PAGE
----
Gather ye rosebuds while ye may,
Old time is still a-flying;
And this same flower that smiles today
Tomorrow will be dying.
Robert Herrick, To the Virgins to Make Much of Time
ALLITERATION -- repetition of beginning consonant sounds in two or more neighboring words, as in

Peter Piper picked a peck of pickled peppers.

CONSONANCE -- the repetition of consonant sounds preceded by different vowel sounds in neighboring
words, as in wind and round
ASSONANCE -- the repetition of vowel sounds followed by different consonant sounds in neighboring
words, as in praised and plains. Generally, assonance occurs in accented words or syllables
ONOMATOPOEIA the use of words or phrases that sound like the things to which they refer.
Examples: The howling wind, the wailing woman, the buzz of a bee; the gurgling brook; the
hiss of a snake; meow, boom, clink, etc.
RHYTHM -- The arrangement of stressed and unstressed syllables.
METER -- The pattern of stressed and unstressed syllables in poetry. Two popular types of patterns are
iambic (unstressed and stressed) and trochaic (stressed and unstressed).
IAMB, OR IAMBIC FOOT ( -- / ) rising foot consisting of two syllables. The first one is unstressed;
the second one is stressed--AFRAID. The meter most commonly used is iambic. Iambic is the meter that
most nearly approximates the rhythm of ordinary speech. It is the rhythm commonly used by rap artists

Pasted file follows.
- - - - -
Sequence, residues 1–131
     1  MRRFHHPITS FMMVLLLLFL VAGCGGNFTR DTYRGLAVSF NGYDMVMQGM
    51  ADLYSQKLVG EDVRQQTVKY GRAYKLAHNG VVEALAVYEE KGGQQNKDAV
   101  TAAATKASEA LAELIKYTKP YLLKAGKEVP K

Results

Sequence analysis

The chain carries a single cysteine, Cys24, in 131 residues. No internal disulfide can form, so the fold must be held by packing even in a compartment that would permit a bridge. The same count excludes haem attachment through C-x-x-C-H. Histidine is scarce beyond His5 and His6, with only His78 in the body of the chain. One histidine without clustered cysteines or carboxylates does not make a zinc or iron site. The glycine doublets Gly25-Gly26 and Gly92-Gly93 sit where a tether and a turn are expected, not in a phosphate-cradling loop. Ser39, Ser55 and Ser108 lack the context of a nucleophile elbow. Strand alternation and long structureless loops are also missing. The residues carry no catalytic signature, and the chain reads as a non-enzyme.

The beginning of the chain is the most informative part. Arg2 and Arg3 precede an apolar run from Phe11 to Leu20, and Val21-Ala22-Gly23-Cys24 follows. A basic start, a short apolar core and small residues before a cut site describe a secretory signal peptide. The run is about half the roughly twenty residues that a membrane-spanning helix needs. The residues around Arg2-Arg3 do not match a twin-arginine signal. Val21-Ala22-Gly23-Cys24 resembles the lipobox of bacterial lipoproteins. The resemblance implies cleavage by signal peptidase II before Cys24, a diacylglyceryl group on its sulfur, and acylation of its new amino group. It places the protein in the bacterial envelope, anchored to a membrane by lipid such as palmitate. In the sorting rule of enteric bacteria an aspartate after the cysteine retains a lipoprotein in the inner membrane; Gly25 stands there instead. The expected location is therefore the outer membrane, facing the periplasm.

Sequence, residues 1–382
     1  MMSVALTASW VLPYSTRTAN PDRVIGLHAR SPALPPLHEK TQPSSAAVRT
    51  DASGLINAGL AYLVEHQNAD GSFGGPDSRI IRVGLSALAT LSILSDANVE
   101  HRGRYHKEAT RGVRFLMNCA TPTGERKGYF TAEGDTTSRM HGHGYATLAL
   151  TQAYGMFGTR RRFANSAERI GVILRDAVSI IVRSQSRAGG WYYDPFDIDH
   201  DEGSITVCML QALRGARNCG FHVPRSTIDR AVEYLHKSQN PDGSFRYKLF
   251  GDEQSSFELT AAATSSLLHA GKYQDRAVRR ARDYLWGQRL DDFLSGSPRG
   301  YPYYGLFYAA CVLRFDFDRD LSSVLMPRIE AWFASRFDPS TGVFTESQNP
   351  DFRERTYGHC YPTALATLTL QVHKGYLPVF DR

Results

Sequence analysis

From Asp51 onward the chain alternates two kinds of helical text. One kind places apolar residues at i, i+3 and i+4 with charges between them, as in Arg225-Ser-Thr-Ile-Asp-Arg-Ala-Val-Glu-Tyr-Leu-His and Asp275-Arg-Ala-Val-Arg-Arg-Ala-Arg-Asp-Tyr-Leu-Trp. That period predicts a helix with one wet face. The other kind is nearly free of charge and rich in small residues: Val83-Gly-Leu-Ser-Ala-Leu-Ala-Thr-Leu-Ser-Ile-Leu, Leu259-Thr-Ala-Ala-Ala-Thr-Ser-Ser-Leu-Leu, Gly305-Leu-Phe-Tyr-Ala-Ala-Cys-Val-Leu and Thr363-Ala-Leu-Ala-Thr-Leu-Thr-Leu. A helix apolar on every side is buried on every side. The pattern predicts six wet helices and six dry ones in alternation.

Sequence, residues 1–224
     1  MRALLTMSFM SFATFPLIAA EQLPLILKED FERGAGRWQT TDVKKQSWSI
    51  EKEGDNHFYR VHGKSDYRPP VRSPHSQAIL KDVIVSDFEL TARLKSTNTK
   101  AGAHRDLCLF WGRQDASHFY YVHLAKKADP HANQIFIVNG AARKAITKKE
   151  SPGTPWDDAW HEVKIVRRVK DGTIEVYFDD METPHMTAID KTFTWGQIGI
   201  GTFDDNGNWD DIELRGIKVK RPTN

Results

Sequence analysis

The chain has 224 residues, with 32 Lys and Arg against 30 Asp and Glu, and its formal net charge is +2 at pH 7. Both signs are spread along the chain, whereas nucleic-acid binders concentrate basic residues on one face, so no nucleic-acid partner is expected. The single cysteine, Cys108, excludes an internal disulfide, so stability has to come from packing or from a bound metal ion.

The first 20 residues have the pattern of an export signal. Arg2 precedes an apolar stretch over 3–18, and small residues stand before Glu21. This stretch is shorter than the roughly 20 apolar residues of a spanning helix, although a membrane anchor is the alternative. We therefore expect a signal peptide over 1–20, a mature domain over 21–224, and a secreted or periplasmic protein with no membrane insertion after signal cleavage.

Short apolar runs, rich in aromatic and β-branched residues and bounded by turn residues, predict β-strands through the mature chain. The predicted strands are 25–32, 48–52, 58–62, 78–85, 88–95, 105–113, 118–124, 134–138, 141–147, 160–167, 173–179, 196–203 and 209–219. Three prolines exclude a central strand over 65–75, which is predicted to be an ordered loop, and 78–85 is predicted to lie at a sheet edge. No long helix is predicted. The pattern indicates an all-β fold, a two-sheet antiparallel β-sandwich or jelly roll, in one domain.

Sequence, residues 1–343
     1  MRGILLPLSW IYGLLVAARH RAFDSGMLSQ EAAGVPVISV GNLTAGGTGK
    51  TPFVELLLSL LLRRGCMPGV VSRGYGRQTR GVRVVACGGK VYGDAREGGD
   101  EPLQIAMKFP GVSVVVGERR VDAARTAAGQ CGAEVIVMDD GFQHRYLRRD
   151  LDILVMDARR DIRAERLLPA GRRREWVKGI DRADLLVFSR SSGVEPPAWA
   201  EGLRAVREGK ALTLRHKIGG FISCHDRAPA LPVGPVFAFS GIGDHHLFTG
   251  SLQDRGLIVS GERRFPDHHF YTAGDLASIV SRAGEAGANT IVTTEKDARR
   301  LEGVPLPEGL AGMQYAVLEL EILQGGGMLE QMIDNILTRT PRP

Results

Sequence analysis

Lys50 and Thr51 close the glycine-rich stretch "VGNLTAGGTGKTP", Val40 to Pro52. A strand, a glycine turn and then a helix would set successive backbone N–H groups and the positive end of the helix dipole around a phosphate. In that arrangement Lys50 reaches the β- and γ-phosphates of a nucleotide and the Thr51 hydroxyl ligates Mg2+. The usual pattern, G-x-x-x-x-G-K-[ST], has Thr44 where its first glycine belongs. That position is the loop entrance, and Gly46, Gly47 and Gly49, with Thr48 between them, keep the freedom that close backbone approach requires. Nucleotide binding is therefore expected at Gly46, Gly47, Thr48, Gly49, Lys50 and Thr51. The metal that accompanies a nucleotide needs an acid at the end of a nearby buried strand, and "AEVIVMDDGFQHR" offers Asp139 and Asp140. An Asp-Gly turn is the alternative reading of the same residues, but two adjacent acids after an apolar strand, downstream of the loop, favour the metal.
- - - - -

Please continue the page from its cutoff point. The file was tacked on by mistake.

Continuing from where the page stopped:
and by Shakespeare. The most common iambic line length is pentameter, or five feet. Thus a line of five
iambic feet is called iambic pentameter. Basically 10 syllables per line
That time of year thou mayst in me behold
When yellow leaves, or none, or few do hang
Upon those boughs which shake against the cold,
Bare ruind choirs, where late the sweet birds sang.
William Shakespeare, Sonnet 73
A complete description of the meter of a line includes both the term for the type of foot that
predominates in the line and the term for the number of feet in the line. The most common English
meters are iambic tetrameter and iambic pentameter. Please note that not all of the types of meters are
defined here.
BLANK VERSE unrhymed iambic pentameter
FREE VERSE -- avoids traditional patterns of organization and does not rely on meter, rhyme, line
length, or stanzas to produce order. It often presents radical variations in line length and has no rhyme
scheme or distinct stanzas at all.


An extraordinary but literal use of language to achieve a particular effect. Common rhetorical
techniques used in poetry include the following:

CONTRAST: To compare in order to show unlikeness or differences, note the opposite natures,
purposes, etc. In William Shakespeares Sonnet 130, the speaker contrasts his mistress to various
accepted symbols of adoration:
My mistress eyes are nothing like the sun;
Coral is far more red than her lips red;
If snow be white, why then her breasts are dun:
If hairs be wires, black wires grow on her head.

IRONY: The conflict between what seems and what is derives from this clash between appearance
and reality.

PARADOX: A statement that is contradictory, yet expresses a type of truth.

"My only love sprung from my only hate!"
She speaks, yet she says nothing." Romeo & Juliet

PARALLELISM: a rhetorical technique in which a poet emphasizes the equal value or weight of two
or more ideas by expressing them in the same grammatical form, as in the phrase with hope, with
joy, and with love

REPETITION: A phrase or word within the poem is used again and again to stress a point, to link
and emphasize ideas, to give the poem balance, or to make a break between verses.

RHETORICAL QUESTION: a question asked for effect but not meant to be answered because the
answer is clear from the context as in Christina Rossettis lines Who has seen the wind? Neither
you nor I.